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Title UPA A Century Later
Subject Newspapers; Newspaper publishing; Journalism
Creator Utah Press Association
Publisher Utah Press Association
Contributors Cornwell, J. M.
Date 1996
Type Text
Format application/pdf
Identifier PN4844.U8 U8 1996
Source Original Book: UPN A Century Later
Language eng
Rights Management Digital image copyright 2005, University of Utah. All rights reserved.
Holding Institution University of Utah
Source Physical Dimensions 14 cm x 21.5 cm
Metadata Cataloger Kelly Taylor
ARK ark:/87278/s6319w0z
Setname uu_upa
Date Created 2005-05-10
Date Modified 2005-05-10
ID 416710
Reference URL

Page Metadata

Title Page591
Description THE UTAH NEWSPAPER HALL OF FAME nothing more. Anything which cannot be proven as fact and is hearsay only, or opinion of the reporter, should never be printed as a news story." In summation, he added, "What is a good county newspaper1? One which has the confidence and support of the county. One which interestingly, adequately and accurately reports the county news. One which fulfills its reason for being published; that reflects the county, its people and their lives." For a lengthy period of time, Frank had been a victim of high blood pressure and his heart gradually began to show those effects, compounded by years of meeting deadlines, late-night editorial schedules and production headaches. In September, 1965, following a severe attack, he was given a grim prognosis at Dixie Medical Center and was airlifted to LDS Hospital in Salt Lake, accompanied by his doctor-son, Paul. There, fortunately, new drugs and treatment methods proved a life-saver. Still he didn't return to St. George until January of 1966, and only gradually did he resume newspa-pering. Son Asa, who'd moved with him to the News in 1958, handled publisher's duties in his father's absence. His health continued to deteriorate as the heart disease progressed and Jim moved to Dixie in 1972 to assist with the News. The Wave, left for a time in the hands of longtime em-loyees Stewart Giles and Farrell Reynolds, was sold to the husband-and wife publishing team of Richard and Susan Buys. Eventually surgery became Frank's last option. It was performed in Salt Lake City but he failed to survive, dying on October 10, 1973. In St. George, a business and church leader expressed the feeling of most 'Dixie' people when he commented, "Frank Mountford wasn't just an honest man - he was a totally honest man!" Francis William Mountford's credentials for entrance into the Hall of Fame? Dedication to country newspapering; devotion to the communities his papers served; diligence and persistence in producing constantly-improved products; forthright and honest 591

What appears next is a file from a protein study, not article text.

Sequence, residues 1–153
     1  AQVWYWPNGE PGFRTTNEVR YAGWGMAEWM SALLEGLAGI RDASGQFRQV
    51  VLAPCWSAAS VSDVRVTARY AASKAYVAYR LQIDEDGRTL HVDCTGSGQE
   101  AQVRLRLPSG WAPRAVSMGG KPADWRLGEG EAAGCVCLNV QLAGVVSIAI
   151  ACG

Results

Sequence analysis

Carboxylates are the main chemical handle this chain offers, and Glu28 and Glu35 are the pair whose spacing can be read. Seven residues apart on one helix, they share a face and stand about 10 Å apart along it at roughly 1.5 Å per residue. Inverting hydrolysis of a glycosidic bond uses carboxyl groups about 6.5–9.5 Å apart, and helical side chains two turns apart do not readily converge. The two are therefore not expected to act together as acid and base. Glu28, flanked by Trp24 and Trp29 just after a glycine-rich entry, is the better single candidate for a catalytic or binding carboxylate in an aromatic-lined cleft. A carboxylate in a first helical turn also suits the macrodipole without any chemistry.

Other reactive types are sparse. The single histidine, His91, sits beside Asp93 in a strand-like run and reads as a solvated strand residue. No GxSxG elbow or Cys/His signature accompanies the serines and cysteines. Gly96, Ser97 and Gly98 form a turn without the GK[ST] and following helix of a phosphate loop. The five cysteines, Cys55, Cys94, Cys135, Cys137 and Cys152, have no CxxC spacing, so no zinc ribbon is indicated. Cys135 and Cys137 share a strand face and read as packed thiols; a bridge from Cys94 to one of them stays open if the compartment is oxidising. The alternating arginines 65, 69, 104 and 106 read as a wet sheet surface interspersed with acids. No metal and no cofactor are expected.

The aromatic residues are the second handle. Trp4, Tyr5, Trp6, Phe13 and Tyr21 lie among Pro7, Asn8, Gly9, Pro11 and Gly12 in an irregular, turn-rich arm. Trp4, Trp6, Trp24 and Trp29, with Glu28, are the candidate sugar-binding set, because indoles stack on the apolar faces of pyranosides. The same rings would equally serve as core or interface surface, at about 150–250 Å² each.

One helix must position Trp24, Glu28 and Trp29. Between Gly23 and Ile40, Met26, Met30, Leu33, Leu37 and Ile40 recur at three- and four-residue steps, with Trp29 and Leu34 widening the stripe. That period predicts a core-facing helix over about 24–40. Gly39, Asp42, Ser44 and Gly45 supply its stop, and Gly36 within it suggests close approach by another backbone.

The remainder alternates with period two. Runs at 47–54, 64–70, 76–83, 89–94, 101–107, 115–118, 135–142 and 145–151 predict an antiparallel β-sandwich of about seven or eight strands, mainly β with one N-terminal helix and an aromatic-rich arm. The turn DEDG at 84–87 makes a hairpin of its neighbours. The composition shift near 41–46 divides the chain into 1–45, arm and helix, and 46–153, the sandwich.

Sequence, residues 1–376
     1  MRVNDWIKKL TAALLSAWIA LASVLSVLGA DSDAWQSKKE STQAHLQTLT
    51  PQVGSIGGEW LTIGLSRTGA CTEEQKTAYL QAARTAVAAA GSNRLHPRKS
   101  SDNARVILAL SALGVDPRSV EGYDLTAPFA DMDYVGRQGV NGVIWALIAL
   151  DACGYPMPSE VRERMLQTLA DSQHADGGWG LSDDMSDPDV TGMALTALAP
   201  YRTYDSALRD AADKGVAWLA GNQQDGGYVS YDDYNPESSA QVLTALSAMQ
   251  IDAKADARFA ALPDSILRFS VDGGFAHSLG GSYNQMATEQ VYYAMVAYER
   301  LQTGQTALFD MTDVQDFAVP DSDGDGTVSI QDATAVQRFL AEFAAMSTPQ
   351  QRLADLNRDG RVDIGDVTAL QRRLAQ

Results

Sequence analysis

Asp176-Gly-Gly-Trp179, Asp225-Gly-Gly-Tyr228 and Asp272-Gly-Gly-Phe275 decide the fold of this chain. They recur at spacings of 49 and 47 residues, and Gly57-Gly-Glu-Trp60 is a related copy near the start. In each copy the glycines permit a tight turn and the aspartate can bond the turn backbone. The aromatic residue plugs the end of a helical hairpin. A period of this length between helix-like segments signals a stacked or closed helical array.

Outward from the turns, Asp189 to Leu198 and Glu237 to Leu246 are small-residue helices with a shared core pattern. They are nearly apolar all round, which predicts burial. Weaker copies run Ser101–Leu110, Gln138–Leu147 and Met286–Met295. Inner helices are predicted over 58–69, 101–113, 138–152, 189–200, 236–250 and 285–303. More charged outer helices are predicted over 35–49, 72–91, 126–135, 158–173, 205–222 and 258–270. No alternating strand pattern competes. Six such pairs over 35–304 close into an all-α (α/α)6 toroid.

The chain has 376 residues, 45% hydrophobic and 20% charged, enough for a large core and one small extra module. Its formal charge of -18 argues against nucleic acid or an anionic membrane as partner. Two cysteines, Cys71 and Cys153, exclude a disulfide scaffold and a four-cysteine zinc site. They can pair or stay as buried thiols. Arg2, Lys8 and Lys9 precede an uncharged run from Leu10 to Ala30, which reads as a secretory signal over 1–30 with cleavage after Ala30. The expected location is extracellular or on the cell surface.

Format application/pdf
Identifier 597-UPA_Page591.jpg
Source Original Book: UPA A Century Later
Setname uu_upa
Date Created 2005-05-10
Date Modified 2021-05-06
ID 416602
Reference URL